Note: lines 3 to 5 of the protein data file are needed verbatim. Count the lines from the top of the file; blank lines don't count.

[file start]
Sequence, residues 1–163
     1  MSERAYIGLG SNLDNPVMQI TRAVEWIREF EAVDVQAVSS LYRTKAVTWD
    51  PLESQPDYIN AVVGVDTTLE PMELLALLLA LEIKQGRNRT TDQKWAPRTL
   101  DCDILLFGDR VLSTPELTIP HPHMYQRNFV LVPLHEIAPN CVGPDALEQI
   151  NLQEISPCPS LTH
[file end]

    51  PLESQPDYIN AVVGVDTTLE PMELLALLLA LEIKQGRNRT TDQKWAPRTL
   101  DCDILLFGDR VLSTPELTIP HPHMYQRNFV LVPLHEIAPN CVGPDALEQI
   151  NLQEISPCPS LTH